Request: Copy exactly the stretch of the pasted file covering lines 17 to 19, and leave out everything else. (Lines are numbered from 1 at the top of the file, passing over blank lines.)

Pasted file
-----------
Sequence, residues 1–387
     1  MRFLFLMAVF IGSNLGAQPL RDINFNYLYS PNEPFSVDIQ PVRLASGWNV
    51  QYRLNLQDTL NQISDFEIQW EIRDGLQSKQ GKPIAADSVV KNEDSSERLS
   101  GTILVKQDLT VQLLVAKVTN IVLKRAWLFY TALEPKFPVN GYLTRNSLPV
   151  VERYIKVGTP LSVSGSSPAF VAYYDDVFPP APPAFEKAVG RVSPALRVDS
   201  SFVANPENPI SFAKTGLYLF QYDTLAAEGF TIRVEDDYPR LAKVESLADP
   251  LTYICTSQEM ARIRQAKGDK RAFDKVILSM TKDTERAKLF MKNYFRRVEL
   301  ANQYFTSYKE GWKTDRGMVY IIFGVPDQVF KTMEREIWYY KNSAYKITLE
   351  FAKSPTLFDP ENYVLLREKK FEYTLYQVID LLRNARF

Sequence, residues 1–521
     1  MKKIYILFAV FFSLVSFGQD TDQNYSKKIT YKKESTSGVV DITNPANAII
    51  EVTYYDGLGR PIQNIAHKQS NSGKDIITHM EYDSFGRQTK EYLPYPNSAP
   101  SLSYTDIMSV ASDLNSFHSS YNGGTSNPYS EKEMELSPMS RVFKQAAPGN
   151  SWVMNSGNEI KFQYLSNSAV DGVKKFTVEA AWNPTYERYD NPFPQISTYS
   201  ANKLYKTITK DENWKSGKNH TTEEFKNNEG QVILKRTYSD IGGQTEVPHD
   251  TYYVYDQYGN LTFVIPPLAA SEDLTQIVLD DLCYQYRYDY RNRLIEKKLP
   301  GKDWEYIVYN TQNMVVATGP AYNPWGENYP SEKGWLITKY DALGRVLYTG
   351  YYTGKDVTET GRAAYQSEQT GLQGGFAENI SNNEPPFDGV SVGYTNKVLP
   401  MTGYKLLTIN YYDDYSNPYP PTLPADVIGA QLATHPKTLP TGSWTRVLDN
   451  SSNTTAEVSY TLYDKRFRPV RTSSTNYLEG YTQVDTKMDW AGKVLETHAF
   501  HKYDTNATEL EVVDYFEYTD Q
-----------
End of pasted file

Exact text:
   301  GKDWEYIVYN TQNMVVATGP AYNPWGENYP SEKGWLITKY DALGRVLYTG
   351  YYTGKDVTET GRAAYQSEQT GLQGGFAENI SNNEPPFDGV SVGYTNKVLP
   401  MTGYKLLTIN YYDDYSNPYP PTLPADVIGA QLATHPKTLP TGSWTRVLDN